Abstract: Interest in Brain-Machine Interfacing (BMI)/Brain Computer Interface (BCI) is consistently growing and state-of-the-art research is currently being tested on its intended end-users. Translation from laboratory proof-of concepts to viable clinical and assistive solutions, as well as consumer applications entails a large set of challenges. The possibility of deploying and commercializing BMI/BCI-based solutions requires researchers, manufacturers, and regulatory agencies to ensure these devices comply with well-defined criteria on their safety and effectiveness. Standardization of BMI/BCI systems is particularly difficult since they typically require integration of multiple sub-components comprising measuring and analysis of neural activity, and provision of feedback to the user through different means (including displays, virtual reality systems, haptic interfaces and exo-skeletons, among others). The fact that BMI/BCI applications may vary from clinical or assistive devices for people with severe disabilities to consumer-oriented systems for the general public makes even more difficult the identification of proper standardization and regulatory frameworks. The lack of specific standards hinders the interoperability, and regulatory compliance of new devices. In consequence, it becomes a barrier for industrial applications to access a wide market. The IEEE SA Industry Connections activity on Neurotechnologies for Brain-Machine Interfacing brings together diverse stakeholders including academia, industry and government agencies to evaluate the current situation regarding neurotechnology standardization. In this presentation I will present the conclusions of this group, recently published by IEEE Standards Association as a roadmap document, on the state-of-the-art and priority areas for standardization in BMI-related neurotechnologies.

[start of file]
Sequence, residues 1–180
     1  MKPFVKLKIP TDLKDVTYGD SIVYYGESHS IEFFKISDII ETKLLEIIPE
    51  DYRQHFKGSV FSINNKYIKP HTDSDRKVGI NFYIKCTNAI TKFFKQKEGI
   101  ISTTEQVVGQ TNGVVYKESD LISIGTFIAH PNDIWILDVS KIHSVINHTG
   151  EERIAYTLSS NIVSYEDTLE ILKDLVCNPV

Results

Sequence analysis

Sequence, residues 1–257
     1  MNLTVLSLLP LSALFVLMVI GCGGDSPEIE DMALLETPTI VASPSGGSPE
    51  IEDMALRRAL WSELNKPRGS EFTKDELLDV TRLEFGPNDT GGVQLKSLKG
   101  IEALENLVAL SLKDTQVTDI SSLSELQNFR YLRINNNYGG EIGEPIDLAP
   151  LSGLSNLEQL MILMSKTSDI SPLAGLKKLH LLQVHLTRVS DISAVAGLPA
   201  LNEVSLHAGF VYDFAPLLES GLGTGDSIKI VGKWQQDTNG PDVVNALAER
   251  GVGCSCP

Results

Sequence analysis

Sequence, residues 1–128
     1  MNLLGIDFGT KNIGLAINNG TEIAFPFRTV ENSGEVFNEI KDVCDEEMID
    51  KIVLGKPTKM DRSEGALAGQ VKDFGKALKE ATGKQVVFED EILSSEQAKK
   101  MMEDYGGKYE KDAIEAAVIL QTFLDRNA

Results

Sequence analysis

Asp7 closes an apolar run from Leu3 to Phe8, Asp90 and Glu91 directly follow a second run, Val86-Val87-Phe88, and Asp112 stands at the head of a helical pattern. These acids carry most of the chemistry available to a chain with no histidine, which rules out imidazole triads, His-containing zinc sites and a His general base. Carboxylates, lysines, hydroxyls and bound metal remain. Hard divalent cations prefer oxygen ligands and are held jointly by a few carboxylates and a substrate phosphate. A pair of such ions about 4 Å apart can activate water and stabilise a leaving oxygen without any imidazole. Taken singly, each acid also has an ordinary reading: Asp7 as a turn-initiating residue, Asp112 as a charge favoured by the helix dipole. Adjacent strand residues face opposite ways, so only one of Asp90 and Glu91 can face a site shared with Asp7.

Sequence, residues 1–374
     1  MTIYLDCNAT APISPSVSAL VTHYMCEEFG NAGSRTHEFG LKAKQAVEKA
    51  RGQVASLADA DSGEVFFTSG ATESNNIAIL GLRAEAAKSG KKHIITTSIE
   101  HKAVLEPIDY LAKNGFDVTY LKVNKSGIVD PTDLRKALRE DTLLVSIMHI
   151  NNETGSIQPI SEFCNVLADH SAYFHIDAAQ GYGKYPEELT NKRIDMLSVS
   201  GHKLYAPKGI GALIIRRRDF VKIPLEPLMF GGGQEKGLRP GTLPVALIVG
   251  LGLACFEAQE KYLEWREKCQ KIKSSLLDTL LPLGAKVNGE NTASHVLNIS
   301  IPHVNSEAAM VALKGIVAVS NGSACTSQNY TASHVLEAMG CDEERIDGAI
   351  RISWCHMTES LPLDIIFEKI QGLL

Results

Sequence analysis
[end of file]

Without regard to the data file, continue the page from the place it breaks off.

Talk 5

Title: Facing the small data reality

Author & Affiliation: Michael Tangermann, Head of the Brain State Decoding Lab, Substitute Professor Autonomous Intelligent Systems Lab, Computer Science Dept., BrainLinks-BrainTools Excellence Cluster, University of Freiburg